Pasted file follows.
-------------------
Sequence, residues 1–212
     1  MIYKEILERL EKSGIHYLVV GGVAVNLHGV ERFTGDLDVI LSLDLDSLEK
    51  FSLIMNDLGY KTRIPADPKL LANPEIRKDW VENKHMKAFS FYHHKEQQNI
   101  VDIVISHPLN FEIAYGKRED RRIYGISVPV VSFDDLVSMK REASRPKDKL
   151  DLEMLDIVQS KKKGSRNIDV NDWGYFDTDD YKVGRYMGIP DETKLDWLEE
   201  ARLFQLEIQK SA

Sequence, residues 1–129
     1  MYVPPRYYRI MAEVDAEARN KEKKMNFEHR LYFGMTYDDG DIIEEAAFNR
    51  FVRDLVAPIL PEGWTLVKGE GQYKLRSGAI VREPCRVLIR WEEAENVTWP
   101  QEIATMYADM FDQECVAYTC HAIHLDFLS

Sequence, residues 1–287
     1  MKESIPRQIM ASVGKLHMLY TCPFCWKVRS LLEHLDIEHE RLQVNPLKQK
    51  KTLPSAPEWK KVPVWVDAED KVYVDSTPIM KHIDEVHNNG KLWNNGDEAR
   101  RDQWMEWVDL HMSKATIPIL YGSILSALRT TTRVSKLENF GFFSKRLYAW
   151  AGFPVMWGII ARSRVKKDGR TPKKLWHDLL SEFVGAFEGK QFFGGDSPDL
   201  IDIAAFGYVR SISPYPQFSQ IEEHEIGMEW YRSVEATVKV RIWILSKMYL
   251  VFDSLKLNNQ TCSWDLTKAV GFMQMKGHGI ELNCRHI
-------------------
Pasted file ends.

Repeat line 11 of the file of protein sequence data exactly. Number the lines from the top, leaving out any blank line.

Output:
Sequence, residues 1–287